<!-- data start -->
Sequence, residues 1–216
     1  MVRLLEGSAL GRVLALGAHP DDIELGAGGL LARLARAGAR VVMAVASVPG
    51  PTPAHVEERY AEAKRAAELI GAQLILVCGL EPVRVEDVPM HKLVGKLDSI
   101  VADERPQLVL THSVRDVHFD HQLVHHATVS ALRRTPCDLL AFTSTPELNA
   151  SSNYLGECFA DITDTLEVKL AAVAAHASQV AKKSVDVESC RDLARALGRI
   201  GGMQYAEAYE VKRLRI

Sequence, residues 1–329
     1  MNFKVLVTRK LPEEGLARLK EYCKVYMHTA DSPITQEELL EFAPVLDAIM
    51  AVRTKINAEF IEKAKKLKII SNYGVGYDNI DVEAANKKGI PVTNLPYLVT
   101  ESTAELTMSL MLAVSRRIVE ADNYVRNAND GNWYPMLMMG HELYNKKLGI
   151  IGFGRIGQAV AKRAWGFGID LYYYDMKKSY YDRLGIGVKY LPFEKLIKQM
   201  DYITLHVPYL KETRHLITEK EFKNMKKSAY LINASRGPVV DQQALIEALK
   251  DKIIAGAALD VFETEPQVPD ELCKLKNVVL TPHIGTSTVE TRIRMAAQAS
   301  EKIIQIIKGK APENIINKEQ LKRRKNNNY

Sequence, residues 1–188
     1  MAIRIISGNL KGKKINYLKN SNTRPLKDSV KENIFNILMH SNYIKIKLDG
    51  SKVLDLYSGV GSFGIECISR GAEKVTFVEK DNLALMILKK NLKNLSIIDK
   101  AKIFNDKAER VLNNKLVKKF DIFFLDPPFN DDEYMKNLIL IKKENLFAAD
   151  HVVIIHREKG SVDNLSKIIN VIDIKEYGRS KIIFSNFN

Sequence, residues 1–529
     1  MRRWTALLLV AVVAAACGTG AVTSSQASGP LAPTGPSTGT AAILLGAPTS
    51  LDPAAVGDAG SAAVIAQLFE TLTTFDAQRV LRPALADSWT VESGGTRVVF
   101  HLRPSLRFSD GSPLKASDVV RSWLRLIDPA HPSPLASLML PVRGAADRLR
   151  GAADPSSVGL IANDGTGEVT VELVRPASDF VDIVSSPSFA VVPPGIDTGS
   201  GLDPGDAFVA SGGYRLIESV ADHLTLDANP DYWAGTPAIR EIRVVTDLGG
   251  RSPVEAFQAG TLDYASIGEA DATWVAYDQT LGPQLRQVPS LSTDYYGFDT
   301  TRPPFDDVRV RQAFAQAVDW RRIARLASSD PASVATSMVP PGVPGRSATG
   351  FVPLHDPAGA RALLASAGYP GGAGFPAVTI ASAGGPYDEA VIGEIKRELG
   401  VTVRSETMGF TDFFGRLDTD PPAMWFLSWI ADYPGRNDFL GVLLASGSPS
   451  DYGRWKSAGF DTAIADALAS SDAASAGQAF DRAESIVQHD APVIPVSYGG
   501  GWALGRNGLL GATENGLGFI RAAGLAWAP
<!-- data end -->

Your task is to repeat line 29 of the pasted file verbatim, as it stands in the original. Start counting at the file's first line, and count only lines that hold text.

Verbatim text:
   401  VTVRSETMGF TDFFGRLDTD PPAMWFLSWI ADYPGRNDFL GVLLASGSPS